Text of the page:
Physicists study matter - all of the "stuff" in the universe and how that "stuff" moves. One of the most famous physicists of all time was Sir Isaac Newton. Sir Isaac is most famous for explaining gravity, a concept we are so familiar with now it seems obvious to us. He is also famous for explaining how stuff moves, his Three Laws of Motion. Today we are going to look at Newton's First Law of Motion called Inertia.
Newton's First Law of Motion (Inertia): A still object will stay still unless a force pushes or pulls it. A moving object will stay moving unless a force pushes or pulls it.
Gravity and friction are forces that constantly push and pull the "stuff" on earth. So, when we roll a ball, it slowly comes to a stop. On the moon, where there is less gravity and friction, "stuff" floats, and keeps floating.
You can try two Inertia Experiments at home:
For The Tablecloth Trick You Will Need:
The items on the tablecloth - the drinking glasses full of water and the plate - are not moving. According to Newton's law they should stay still unless a force pushes or pulls them. When you pull the tablecloth out from under them friction is a force that causes the plate to move just a little, but since the cloth is slippery it pulls right out, leaving the plate and glasses full of water in place.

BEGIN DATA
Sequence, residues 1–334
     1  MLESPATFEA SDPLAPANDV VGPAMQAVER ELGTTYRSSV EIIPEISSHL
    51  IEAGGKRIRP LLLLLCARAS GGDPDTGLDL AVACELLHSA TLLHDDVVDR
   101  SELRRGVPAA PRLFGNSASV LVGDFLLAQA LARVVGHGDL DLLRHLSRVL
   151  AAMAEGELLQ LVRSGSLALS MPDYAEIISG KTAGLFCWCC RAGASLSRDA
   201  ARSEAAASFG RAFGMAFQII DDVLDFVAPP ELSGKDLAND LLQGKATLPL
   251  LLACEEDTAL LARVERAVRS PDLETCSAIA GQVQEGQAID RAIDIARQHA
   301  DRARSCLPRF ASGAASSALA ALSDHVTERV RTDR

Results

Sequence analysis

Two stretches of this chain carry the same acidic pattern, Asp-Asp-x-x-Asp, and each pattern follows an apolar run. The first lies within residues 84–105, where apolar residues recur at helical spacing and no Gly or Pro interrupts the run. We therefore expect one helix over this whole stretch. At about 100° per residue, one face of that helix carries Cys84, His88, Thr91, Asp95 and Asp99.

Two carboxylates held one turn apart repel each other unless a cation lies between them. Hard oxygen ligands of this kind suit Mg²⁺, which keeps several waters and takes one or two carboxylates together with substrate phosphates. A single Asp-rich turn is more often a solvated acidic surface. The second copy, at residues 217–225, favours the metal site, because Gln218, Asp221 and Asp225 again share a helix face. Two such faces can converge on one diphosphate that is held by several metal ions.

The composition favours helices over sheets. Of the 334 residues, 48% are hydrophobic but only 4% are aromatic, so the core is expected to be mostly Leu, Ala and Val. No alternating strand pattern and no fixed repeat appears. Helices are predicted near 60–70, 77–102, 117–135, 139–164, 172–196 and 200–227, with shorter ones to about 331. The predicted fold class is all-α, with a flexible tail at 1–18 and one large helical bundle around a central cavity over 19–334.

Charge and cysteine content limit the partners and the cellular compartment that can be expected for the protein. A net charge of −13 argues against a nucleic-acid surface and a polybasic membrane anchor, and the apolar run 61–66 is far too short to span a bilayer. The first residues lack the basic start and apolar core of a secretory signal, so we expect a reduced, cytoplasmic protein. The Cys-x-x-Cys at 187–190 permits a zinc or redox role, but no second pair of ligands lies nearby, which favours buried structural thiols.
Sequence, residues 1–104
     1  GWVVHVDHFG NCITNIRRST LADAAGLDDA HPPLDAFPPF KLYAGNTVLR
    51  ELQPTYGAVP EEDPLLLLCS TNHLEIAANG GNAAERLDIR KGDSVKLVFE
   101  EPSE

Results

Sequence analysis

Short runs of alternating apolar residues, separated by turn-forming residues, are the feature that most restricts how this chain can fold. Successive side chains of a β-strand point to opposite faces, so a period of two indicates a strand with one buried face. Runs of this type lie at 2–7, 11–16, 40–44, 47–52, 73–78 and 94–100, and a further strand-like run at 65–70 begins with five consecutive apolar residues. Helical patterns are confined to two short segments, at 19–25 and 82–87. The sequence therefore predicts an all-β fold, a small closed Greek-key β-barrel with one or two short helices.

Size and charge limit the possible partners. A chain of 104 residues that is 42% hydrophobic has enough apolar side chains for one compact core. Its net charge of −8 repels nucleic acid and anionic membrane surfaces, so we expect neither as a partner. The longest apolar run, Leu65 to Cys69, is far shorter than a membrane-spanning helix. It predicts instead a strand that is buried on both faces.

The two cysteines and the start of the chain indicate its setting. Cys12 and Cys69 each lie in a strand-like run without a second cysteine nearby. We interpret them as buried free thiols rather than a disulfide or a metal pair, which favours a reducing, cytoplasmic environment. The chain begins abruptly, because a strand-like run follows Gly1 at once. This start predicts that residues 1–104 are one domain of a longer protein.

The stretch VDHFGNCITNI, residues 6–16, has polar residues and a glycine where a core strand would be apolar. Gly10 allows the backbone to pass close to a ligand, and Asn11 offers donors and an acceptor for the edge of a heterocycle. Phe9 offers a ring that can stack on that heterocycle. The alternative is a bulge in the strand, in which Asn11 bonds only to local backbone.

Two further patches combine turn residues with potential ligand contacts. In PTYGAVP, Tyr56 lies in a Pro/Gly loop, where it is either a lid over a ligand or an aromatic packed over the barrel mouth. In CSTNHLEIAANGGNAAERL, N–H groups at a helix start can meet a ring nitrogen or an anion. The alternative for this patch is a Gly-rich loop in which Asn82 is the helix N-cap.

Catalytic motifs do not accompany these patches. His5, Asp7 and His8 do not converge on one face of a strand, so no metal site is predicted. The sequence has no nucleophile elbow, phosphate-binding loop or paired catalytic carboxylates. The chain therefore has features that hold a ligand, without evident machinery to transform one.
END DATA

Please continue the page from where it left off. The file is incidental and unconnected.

For The Egg Drop You Will Need:
In The Egg Drop the egg is not in motion, it is at rest. According to Newton's law it should stay that way. When you slap the pan away you apply force to the pan and it moves, knocking out the toilet paper tube also, but you did not hit the egg so it stays in place. It DOES drop though, since the support of the toilet paper tube is gone gravity acts on the egg and pulls it toward the earth.
Science in Context: Newton’s First Law of Motion (Inertia) is a database you can use in any IndyPL Library Branch or at home. Login using your IndyPL library card number. The Science in Context database will show you articles, images and videos to help you learn about Newton’s First Law.
You can ask a math and science expert for homework help by calling the Ask Rose Homework Hotline. They provide FREE math and science homework help to Indiana students in grades 6-12.
Use your indyPL Library Card to check out books at any of our locations, or check out e-books and e-audiobooks from home right to your device. Click on a book jacket below to request a book or download it. Need help? Call or ask a Library staff member at any of our locations or text a librarian at 317 333-6877.